Friday, July 30, 2010

Ingest Criteria Revised

In November 2009, the BHL started ingesting biodiversity related content from the Internet Archive. Since then, the BHL collection has grown significantly. Each week, the BHL brings in new content from the Internet Archive based on a criteria of selected Library of Congress Subject Headings and call numbers, with the aim of bringing in content related to the literature of biological diversity.

As described by the Convention on Biodiversity,
Biological diversity - or biodiversity - is the term given to the variety of life on Earth and the natural patterns it forms.…This diversity is often understood in terms of the wide variety of plants, animals and microorganisms.…Biodiversity also includes genetic differences within each species - for example, between varieties of crops and breeds of livestock. Chromosomes, genes, and DNA-the building blocks of life-determine the uniqueness of each individual and each species. Yet another aspect of biodiversity is the variety of ecosystems such as those that occur in deserts, forests, wetlands, mountains, lakes, rivers, and agricultural landscapes. In each ecosystem, living creatures, including humans, form a community, interacting with one another and with the air, water, and soil around them.

The BHL collection reflects this wide interdisciplinary spectrum. When ingesting content from the Internet Archive, the criteria of LCSH and LC call numbers are used to target as much relevant biodiversity literature as possible, but it is not fool proof.

Recently, the Ingest Criteria was reviewed by the BHL Collections Committee to identify subject terms and call numbers that were missing the mark. We noticed books were being brought in that were clearly not relevant to the BHL mission such as books about human anatomy, taxation, and hockey. The Ingest Criteria have since been revised to better target biodiversity relevant materials and most of the irrelevant content has been removed from our collection. Users should not have to weed through irrelevant materials in the BHL collection when access to this content remains available via other open access digital collections. For example, access to Mary Louise Serafine's Measure of meter conservation in music based on Piaget's theory will be via the Internet Archive website rather than through the BHL.

For more information about BHL’s de-accession policy, please see our documentation on our wiki Should you feel that any content has been removed from BHL unnecessarily, please feel free to send us your comments to our feedback form.

Wednesday, July 28, 2010

Book of the Week: Another Peek at Conservation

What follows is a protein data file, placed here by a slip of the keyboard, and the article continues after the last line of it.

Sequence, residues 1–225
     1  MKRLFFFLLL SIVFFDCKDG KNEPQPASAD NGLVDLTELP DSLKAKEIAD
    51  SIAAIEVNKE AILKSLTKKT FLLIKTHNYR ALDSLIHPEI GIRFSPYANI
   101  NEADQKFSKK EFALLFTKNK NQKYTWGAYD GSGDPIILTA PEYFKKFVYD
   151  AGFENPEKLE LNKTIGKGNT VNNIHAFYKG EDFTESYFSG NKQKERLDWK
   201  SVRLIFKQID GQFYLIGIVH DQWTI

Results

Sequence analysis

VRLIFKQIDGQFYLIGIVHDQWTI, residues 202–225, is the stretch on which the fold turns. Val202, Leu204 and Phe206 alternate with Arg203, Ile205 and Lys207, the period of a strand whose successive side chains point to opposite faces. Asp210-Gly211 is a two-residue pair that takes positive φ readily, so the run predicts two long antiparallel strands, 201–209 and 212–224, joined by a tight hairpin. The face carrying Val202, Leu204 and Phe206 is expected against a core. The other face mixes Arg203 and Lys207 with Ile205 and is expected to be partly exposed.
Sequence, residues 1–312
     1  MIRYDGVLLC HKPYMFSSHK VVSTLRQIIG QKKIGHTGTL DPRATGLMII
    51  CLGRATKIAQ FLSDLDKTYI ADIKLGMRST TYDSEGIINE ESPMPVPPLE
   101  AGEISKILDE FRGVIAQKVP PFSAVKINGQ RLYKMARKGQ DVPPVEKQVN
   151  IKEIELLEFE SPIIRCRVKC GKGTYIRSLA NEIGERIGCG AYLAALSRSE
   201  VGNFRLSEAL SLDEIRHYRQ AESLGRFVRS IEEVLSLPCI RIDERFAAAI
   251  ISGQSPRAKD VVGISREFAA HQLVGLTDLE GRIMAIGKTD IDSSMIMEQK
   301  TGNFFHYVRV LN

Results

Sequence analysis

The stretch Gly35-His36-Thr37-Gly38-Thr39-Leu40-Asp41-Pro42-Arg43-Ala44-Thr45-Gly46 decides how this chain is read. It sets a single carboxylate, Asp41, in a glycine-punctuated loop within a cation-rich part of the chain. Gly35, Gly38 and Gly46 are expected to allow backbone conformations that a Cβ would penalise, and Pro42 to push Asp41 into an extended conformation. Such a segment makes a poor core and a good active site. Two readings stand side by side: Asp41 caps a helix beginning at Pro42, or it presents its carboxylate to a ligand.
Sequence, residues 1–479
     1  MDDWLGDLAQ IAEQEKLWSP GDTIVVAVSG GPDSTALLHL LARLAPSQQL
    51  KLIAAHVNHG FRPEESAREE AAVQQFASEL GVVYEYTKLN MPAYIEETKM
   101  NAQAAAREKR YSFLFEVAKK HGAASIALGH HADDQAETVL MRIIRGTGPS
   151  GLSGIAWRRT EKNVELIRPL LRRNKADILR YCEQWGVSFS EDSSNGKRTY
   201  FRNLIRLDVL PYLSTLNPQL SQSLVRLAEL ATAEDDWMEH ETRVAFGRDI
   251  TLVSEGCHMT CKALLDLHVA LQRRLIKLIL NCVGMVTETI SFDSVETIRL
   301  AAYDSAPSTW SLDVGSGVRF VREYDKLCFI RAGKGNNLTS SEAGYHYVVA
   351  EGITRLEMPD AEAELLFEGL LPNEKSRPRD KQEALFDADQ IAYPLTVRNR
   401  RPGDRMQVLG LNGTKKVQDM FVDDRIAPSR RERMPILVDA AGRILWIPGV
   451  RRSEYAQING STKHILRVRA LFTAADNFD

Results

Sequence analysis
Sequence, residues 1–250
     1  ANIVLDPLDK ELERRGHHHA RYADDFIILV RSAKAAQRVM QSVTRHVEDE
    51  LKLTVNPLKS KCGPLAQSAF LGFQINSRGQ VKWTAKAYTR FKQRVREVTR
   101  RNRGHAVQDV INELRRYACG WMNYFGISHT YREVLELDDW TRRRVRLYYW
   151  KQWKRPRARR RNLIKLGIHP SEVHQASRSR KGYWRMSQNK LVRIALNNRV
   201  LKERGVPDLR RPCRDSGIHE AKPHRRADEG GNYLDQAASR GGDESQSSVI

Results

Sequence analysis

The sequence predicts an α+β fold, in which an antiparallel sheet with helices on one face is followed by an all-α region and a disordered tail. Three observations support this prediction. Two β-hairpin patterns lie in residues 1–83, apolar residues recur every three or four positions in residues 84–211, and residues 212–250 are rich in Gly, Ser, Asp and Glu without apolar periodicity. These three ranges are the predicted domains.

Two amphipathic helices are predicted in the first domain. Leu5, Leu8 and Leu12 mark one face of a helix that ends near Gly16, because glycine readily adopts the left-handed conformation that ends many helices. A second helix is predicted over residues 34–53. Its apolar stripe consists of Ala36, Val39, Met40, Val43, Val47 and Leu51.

One of the most endangered species on the planet is Diceros bicornis, commonly known as the Black Rhinoceros. Distributed throughout Africa, south of the Sahara, the "current range of black rhinoceroses is bounded by Cameroon, Kenya, and South Africa but their distribution within those limits is fragmented." The threat to the Rhino population is largely due to a demand for the species' horns, "both for use in Chinese traditional medicine and for traditional dagger handles in Yemen." The demand for these horns increased significantly in the 1970s as the "oil-rich Gulf States" experienced increased income. "It is estimated that between 1970 and 1992, around 96 percent of the black rhinoceros population was lost." Three subspecies of the Black Rhinoceros - the eastern, southwestern and southern central subspecies - are listed as Critically Endangered in the IUCN (World Conservation Union) Red List. The fourth subspecies of the Black Rhinoceros - the western subspecies - is listed as Probably Extinct. The total population of Black Rhinoceros today is approximately 3,725 individuals.

Fortunately, there are ongoing efforts to protect this species, and it now looks as though most black rhino populations are increasing. Nevertheless, populations still comprise only a fraction of what they were only fifty years ago. "Conservation efforts to preserve black rhinos include establishing a ban against the horn trade, creating fenced sanctuaries for black rhinos to better protect them from poachers, and dehorning black rhinos to decrease incentive for poaching."

The Black Rhinoceros was first described by Carl von Linné in volume 1 of Systema naturae per regna tria naturae :secundum classes, ordines, genera, species, cum characteribus, differentiis, synonymis, locis (1758), this week's book of the week. Volume 1 of this work describes the Animal Kingdom, while volume 2 describes the Plant Kingdom. Linné, also commonly known as Carl Linnaeus, the famous Swedish botanist, physician and zoologist, is best known for laying the schema for binomial nomenclature, the naming convention used to identify species. His numerous works include the first descriptions of many, many species, and serve as the foundation by which modern scientists describe life as they continue to increase our knowledge about it.

For more information about the conservation of the Black Rhinoceros, and what you can do to help, see the Black Rhinoceros page at the World Wildlife Fund website.

To find more information about the Black Rhinoceros species, take a look at the species page on EOL.

For a look at the listing of the Black Rhinoceros on the endangered species list in BHL, see page 25 of the 1994 IUCN Red List of Threatened Animals.

And finally, take a look at this week's book of the week, Systema naturae per regna tria naturae :secundum classes, ordines, genera, species, cum characteribus, differentiis, synonymis, locis (1758), volume 1, by Carl von Linné, in which you can see the first description of both the Black Rhinoceros and many other species.